Sunday, September 6, 2009

Jorge “El Conejo” Lievano

When the El Salvador National Team took the pitch last night at Rio Tinto Stadium, there was a special supporter in the audience. Provo resident Jorge “El Conejo” Lievano knew well what the team was going through. After all, he had spent eleven years in the shoes of those players on the pitch. Lievano was a member of the El Salvador National Team from 1963-1973.

He also had an extraordinary run of club play in El Salvador, including a match against Pele’s Santos Club (pictured below) in which Lievano’s side ended up the victors.


Jorge "Conejo"Lievano is the player on the far right. The score was 2-1 for Alianza. The Santos Club with Pele was trying very hard to come back and win this game. Supposedly on these games, they would take Pele out early to avoid any injury. But in this game, they wanted to win so bad that they just kept leaving him in. But even with Pele, they were not able to come back and Alianza won. It was a very exciting time for the Alianza Club.

“The Football War”

Lievano was part of the historic El Salvador National Team that qualified for the World Cup in Mexico in 1970. They became the first Central American team to make it to the big stage.

However, when asked through an interpreter, his son Jorge “Coky” Lievano, the elder Lievano pointed to the match against Honduras in Azteca in Mexico City on June 27, 1969 as the highlight of his experience with the El Salvador National Team.

The match was the third between the two sides during the qualifying phase, with each side having won at home. This one was a playoff to determine who moved on to the World Cup. There was a lot at stake on the field, but there were also a lot of off-the-field implications brewing as well.

The World Cup qualifying matches captured the interest of both nations (Honduras and El Salvador), and raised the emotions of the bordering nations. In the backdrop to this, there had been some ongoing disputes between the two countries, primarily over a Land Reform policy instituted by the Honduran government which displaced 300,000 Salvadorans who had settled and been working land within Honduras. The entire situation had been heightened by the media coverage of the events that occurred.

The first match in Honduras, was reportedly full of hate, and El Salvadoran fans had been attacked prior to the match. It was reported that for the second match in San Salvador, Honduran flags were burnt, machine gun wielding soldiers were surrounding the pitch, and armored vehicles had to bring players in.

On June 26, 1969, the night before the playoff match, El Salvador dissolved all ties with Honduras. Needless to say, that heightened the emotion of the qualifier, and when the two teams took the pitch, there was seemingly much more at stake than just a football match.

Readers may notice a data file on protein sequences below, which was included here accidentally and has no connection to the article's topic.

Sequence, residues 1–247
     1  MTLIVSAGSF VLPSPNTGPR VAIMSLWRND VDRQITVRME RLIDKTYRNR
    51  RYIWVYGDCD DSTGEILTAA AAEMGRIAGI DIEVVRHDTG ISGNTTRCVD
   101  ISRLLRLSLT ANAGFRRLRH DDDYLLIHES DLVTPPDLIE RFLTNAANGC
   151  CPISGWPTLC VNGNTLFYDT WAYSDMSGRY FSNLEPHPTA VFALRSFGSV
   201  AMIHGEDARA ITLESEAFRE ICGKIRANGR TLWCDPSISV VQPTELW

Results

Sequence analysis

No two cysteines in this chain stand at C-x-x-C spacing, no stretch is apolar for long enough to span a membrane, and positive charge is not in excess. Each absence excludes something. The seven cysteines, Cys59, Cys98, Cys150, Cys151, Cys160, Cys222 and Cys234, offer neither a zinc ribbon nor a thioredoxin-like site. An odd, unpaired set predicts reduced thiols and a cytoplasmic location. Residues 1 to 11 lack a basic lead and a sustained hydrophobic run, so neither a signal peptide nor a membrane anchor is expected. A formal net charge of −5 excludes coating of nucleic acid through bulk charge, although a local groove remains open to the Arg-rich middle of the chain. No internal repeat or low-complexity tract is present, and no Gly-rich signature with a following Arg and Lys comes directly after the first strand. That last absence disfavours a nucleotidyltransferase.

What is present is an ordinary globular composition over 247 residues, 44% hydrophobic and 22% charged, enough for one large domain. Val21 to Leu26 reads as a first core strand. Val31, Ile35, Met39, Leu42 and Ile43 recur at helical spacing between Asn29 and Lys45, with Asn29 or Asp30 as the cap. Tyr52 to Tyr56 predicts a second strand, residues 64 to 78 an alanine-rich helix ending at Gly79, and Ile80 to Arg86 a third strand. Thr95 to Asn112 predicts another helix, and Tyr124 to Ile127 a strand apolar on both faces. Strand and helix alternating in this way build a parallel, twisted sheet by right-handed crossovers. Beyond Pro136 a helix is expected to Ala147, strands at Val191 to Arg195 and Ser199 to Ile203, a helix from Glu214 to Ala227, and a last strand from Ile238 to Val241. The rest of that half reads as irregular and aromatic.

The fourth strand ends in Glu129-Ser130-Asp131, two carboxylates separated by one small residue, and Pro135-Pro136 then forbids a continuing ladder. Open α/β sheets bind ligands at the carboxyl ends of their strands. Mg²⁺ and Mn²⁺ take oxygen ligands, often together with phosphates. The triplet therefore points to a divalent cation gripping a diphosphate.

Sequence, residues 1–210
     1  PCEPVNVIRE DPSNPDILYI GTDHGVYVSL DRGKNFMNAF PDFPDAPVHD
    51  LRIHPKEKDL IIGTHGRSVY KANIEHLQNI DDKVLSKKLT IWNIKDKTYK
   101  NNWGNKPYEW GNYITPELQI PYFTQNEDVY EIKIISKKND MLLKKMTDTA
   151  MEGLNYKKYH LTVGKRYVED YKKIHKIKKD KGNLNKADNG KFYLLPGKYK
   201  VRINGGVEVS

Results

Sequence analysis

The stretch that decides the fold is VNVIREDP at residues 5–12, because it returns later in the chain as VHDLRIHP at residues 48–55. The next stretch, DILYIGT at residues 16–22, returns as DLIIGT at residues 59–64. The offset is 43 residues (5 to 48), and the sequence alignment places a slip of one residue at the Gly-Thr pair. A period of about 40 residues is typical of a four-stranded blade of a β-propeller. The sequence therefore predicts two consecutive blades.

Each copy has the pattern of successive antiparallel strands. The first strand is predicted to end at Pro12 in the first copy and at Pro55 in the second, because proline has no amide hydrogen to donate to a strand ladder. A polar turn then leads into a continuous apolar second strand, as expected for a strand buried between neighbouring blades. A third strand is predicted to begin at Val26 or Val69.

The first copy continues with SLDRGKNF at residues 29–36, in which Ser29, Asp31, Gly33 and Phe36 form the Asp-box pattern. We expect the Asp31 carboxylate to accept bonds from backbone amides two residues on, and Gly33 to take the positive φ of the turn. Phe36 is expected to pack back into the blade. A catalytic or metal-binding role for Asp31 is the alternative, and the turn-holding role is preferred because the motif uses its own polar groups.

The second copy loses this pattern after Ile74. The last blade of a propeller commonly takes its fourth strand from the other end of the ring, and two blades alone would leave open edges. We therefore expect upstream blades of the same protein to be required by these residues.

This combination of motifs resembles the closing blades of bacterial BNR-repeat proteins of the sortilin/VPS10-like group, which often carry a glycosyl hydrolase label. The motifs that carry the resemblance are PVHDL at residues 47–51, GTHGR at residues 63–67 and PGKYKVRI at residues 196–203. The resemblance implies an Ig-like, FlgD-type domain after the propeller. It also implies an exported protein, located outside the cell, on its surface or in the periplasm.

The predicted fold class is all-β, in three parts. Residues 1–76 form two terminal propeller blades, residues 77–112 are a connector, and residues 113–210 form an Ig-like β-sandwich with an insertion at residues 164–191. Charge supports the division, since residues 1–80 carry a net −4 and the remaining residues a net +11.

In the match, Honduras took a 2-1 lead at halftime, putting a lot of pressure on the El Salvadoran side. However, El Salvador managed an equalizer in the second half, and went on to win in extra time. El Salvador was World Cup bound!

Unfortunately a month later war broke out between the two countries. The war was not a result of the on-field soccer battles between the two teams, but the emotion certainly carried over to the soccer pitch.

Professional Club Career

Lievano had a very successful club career in El Salvador. The highlight was probably with Alianza FC, one of the major clubs in El Salvador. That team beat Pele’s Santos club, Club America, and Flamenco. The team won a championship, and became nicknamed the “Orchestra Alva”.

When Lievano was young, he had a brother, and his parents dressed them the same. People gave them the affectionate nickname of "little rabbits". Later, during his soccer career, Lievano proved to be a very quick player. So he naturally earned the nickname "El Conejo", or "the rabbit".

Lievano also played professionally in the United States in the late-60's. He wound up playing professionally for a team in Oakland in a league that was essentially the pre-cursor to the NASL. The Oakland Clippers were part of the National Professional Soccer League, which was considered an “outlaw league”, and failed to get the support of the US Soccer Federation.

Coming to America

Because of the Civil War in El Salvador that broke out in 1980, Lievano chose to bring his young family to the US. Children at the time were being recruited by both sides in the war in El Salvador and Lievano chose to bring them here for safety. The family was LDS and so coming to Utah was an easy decision and they had a few contacts here.

The Lievano’s landed in Provo, Ut. Of course, soccer had to be part of this new life, and Lievano quickly got involved. He started a team, the Pioneers in 1986. One of the players on that team, was named Chris Watkins. Watkins is the current head coach for BYU’s men’s soccer program.

Current El Salvador team

While Lievano had some contacts with the current El Salvador team he had not followed the team closely in recent years because the team had gone through a dark period in recent years. However, Lievano feels that this current team which is very young is being built for the next qualifying period for the 2014 World Cup. He also feels that the team is on track at least partially due to their new coach, Carlos de los Cobos.

When the team made it into the Hex, Lievano and others were caught by surprise. The El Salvadoran community is extremely excited about the prospects, even though the team lost last night and likely ended their hopes for the 2010 World Cup.

When the team came calling, Lievano was willing to help in any way he could. He reached out to his former soccer student, Chris Watkins and made arrangements for the team to practice at BYU during their stay here.

I’m sure that Lievano will be watching with interest over the next four years to see if the team from his homeland can make it back to some place that he has already been, the World Cup.